lost boy lost girl by Peter Straub is about a man, novelist Timothy Underhill, whose sister-in-law commits suicide for no apparent reason. A week later, her son disappears without a trace. After his sister-in-laws funeral, Tim tries to figure out what happened to his nephew, Mark Underhill. During this time, a pedophile who murders his victims is active in the town. Tim also discovers that Mark had an obsession with an old abandoned house where he thought the killer might be hiding. Was or is the killer in the house? What secrets does the house hold? Is Mark a victim of the killer? This novel, for me, was just OK. I did find it fairly interesting as I went along, but in the end it left me a little flat. I think I didn't really ever connect to the characters and the ending wasn't really explained to my satisfaction. There were supernatural elements, which is fine, but not really my thing unless it's Dean Koontz and his quantum-physics type supernatural stuff. Anyway, overall it was an OK read, though it wouldn't make me seek out any more of Straub's work. Three picklebottoms.

Thirteen Reasons Why by Jay Asher is a young adult novel about a boy, Clay, who receives a box of cassette tapes, and a girl, Hannah, who recorded them just before committing suicide. The tapes are being passed among various people who she claims had a role in her decision to kill herself. Clay can't imagine what he did and doesn't want to listen to the tapes, but he does. I enjoyed this novel. It is dually narrated by both Clay and Hannah (via her tapes). I couldn't put it down, because I too wanted to know what role Clay had played, since he was written as a thoughtful, considerate, just plain NICE guy, who had had a crush on the dead girl. My only disappointment in the novel I can't really mention without spoiling what one finds out about the role Clay plays in the girl's death, but I will say that I think I would have found it more interesting if Clay's narrative had been that of one of the other kids from the tapes. Anyway, at the end of the novel, Clay's view of others and how or if to interact with them is changed. Great young adult fiction. Four picklebottoms.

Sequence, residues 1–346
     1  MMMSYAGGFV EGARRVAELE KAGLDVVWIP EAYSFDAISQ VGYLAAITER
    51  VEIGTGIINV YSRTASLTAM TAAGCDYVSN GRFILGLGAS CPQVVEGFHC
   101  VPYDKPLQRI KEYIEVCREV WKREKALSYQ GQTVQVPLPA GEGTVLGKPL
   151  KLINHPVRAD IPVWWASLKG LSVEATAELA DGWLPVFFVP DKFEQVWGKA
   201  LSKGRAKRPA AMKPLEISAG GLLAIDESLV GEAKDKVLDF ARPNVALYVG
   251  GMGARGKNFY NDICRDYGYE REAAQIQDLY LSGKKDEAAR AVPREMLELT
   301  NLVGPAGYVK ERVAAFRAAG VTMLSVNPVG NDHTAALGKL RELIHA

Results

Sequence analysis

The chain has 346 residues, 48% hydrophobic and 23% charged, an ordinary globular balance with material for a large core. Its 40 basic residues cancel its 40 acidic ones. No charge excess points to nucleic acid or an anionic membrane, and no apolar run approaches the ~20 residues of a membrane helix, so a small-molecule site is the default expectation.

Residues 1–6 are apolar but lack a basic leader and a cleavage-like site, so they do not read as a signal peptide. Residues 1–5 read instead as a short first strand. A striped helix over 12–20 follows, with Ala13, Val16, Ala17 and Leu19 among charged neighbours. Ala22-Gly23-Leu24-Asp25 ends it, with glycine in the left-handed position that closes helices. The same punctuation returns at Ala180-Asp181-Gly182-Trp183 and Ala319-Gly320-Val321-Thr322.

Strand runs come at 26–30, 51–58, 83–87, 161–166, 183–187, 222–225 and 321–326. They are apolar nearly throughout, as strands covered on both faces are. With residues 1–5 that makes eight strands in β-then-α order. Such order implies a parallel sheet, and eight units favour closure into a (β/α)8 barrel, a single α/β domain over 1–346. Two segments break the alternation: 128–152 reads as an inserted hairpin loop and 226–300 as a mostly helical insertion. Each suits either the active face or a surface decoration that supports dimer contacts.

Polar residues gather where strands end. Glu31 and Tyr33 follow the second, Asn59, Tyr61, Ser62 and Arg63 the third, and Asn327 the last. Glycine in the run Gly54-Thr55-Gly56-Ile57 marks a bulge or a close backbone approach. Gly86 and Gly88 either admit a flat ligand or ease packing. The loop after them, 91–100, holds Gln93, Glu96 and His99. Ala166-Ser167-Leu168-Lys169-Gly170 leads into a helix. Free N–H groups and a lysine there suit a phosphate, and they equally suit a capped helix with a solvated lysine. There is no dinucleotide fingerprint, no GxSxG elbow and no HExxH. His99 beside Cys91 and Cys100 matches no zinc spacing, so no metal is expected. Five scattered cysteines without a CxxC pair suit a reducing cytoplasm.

Lastly for this issue, because if I don't have a lastly, the issue will never end, and I've been not finishing this thing for WEEKS now, Happiness Sold Separately by Lolly Winston. It's been so long since I read this that I don't remember much about it, so I've just skimmed over the dust jacket blurb to jog my memory. OK, it's about Elinor and Ted, a loving married couple who did everything just right and in the right order. Now that they're settled and established, they are ready to start a family, but discover that Elinor's fertility is nonexistent, probably because of her age. She gets depressed, her husband finds himself involved with his personal trainer who has a young son and things deteriorate. Elinor discovers the affair, Ted tries to do the right thing, the girlfriend's kid is a complication. Can the marriage be saved? Somewhere in there is a stalker, though I don't remember if he's stalking Elinor or the girlfriend, and there's a big brouhaha at the mall that results in injury. Overall it was a pretty good read, though I think I liked Lolly Lolly Lolly's other novel that I've read, Good Grief, a little better. Can't say that for sure, though, since it's been so long since I've read either. I'm going to say three and a half picklebottoms.

And that is all folks. Except that I hope I'm not the only one that now has the "Lolly, Lolly, Lolly, get your adverbs here" song stuck in her head. Gotta love that Schoolhouse Rock for earworms.


Shelly said...

I totally got the "lolly lolly lolly" thing!

Alice said...

the 13 reasons why book reminds me of one i read AS a young adult, which was written from the perspective of a kidnapped girl who was thrown in a basement with a typewriter. the entire book is narrated via the notes she types up in the dark and slips under the door in the hopes that someone finds them. and then the book just... ends. still sort of freaks me out.